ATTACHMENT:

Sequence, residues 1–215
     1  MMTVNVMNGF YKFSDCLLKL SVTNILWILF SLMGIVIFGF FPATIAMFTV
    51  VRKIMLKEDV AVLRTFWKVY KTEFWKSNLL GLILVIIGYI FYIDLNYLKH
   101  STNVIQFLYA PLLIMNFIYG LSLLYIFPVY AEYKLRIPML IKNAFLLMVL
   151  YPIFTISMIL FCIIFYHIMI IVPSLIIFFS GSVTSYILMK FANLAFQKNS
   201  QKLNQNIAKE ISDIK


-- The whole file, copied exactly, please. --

Sequence, residues 1–215
     1  MMTVNVMNGF YKFSDCLLKL SVTNILWILF SLMGIVIFGF FPATIAMFTV
    51  VRKIMLKEDV AVLRTFWKVY KTEFWKSNLL GLILVIIGYI FYIDLNYLKH
   101  STNVIQFLYA PLLIMNFIYG LSLLYIFPVY AEYKLRIPML IKNAFLLMVL
   151  YPIFTISMIL FCIIFYHIMI IVPSLIIFFS GSVTSYILMK FANLAFQKNS
   201  QKLNQNIAKE ISDIK